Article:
A New (old) Poem Concerning Life and Death

Still Life, With Mirror

(After Joel-Peter Witkin)

 

I saw something awful today:

a severed foot,

embedded

with five steel nails,

positioned in front

of a silvered piece of glass.

 

I could not see the blood,

it was a corpse-piece,

there was nothing to flow,

but I could watch the ragged muscle

end, the place where the bone emerged,

white-grey, from the flaccid base,

 

and I was disturbed. It was, at first,

almost like looking at an

arrangement of flowers,

odd, hard blossoms

from an earth-going vase.

I could tell that it was human,

 

past tense. And was

it the transformation

that cut off my breath?

The sudden shift from

appendage to ornament?

Or was it the knowledge

 

that this is something death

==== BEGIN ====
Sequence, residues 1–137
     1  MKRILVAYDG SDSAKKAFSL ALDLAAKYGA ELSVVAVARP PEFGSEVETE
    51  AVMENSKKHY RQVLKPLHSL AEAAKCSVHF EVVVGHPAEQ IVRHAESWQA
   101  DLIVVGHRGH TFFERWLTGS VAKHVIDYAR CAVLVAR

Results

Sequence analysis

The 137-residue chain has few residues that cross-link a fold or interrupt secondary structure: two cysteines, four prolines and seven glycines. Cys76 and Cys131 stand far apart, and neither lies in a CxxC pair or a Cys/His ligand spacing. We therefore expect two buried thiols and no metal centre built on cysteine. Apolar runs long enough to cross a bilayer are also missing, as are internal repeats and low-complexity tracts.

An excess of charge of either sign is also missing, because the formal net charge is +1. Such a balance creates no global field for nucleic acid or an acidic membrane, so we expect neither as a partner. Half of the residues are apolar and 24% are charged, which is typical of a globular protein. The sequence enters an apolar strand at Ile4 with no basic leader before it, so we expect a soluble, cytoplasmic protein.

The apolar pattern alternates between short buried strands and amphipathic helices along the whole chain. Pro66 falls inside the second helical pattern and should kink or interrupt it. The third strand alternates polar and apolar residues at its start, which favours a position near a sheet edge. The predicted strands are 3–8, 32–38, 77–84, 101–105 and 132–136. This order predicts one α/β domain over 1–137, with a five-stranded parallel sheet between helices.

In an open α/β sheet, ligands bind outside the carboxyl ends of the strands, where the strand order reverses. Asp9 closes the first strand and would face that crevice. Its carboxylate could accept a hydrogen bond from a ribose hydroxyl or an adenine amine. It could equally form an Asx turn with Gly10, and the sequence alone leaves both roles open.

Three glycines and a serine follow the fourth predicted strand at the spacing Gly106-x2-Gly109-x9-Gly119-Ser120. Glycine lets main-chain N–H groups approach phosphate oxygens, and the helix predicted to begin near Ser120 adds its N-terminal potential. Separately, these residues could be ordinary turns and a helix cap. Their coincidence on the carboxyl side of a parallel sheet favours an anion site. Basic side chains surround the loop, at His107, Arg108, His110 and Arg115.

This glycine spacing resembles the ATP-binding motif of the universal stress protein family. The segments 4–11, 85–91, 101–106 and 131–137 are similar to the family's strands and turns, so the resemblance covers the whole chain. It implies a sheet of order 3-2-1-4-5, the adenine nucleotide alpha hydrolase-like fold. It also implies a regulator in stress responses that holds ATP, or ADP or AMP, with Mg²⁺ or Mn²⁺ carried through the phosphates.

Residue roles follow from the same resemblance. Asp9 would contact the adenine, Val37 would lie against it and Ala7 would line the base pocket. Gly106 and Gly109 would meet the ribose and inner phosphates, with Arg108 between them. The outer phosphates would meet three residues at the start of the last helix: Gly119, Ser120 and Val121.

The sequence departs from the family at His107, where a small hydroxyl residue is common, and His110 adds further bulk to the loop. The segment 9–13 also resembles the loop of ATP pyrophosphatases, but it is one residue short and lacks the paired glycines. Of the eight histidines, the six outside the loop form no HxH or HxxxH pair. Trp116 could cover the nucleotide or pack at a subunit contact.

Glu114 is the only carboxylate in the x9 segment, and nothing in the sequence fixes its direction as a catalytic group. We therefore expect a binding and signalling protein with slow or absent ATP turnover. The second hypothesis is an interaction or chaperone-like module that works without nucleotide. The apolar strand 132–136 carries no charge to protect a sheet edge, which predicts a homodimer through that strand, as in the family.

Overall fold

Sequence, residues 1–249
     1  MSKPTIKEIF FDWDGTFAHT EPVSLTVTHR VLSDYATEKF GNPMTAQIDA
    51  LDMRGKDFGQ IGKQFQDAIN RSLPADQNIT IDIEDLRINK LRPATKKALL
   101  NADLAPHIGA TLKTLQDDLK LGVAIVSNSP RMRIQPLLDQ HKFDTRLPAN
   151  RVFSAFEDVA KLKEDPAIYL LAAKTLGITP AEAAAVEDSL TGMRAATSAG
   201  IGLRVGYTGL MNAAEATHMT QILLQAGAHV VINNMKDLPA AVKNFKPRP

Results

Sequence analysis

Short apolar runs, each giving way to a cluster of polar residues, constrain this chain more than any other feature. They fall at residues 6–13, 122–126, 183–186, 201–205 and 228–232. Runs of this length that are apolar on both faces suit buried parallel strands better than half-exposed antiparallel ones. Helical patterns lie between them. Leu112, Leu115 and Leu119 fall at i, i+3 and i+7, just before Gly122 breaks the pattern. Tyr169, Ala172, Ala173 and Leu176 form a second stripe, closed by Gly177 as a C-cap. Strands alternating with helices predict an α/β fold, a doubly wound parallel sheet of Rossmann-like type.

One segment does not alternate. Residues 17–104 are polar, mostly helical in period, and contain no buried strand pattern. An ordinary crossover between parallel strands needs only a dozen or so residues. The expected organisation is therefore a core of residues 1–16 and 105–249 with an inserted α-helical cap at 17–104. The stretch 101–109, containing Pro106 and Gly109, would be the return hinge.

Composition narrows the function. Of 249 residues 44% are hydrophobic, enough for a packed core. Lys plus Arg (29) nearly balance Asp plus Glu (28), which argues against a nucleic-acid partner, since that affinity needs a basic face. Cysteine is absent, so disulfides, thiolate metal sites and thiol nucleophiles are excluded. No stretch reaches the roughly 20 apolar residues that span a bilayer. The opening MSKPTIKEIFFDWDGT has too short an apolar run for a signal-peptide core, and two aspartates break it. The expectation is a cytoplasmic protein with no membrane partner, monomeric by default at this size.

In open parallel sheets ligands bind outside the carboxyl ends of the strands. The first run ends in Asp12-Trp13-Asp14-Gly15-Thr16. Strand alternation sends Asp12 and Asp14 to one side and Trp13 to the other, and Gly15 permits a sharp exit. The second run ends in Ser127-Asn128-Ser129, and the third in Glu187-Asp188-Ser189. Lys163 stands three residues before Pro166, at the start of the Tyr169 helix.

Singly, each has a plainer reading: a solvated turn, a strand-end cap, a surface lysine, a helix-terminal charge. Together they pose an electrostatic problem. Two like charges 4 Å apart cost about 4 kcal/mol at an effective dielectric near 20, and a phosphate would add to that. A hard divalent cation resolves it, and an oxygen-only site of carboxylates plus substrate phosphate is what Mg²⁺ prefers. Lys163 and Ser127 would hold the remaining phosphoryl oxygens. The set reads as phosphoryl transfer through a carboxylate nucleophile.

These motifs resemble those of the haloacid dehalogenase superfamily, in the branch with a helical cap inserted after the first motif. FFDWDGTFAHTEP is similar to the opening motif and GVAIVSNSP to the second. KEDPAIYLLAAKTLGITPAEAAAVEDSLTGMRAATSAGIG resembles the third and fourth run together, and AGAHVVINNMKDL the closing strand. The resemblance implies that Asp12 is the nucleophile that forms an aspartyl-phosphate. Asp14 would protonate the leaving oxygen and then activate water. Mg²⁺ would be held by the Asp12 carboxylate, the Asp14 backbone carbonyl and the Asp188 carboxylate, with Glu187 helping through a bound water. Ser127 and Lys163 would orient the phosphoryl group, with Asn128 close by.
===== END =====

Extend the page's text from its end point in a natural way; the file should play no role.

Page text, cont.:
could be: no chorus, no reunion

of voices, but simply, through the act

of dissolution, becoming something,

to suck away

the sacred breath.

 

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About Bethany W Pope

Bethany W Pope was named by the Huffington Post as ‘one of the five Expat poets to watch in 2016’. Nicholas Lezard, writing for The Guardian, described her latest collection as 'poetry as salvation'.....'This harrowing collection drawn from a youth spent in an orphanage delights in language as a place of private escape.' Bethany has won many literary awards and published several collections of poetry. Her first novel, Masque, was published by Seren in 2016. Her second novel, Ordinary Lives: The Ballad of John and Mary, was published in 2018. Follow her on Twitter @BethanyWPope

Posted on December 15, 2011, in Uncategorized. Bookmark the permalink. Leave a comment.

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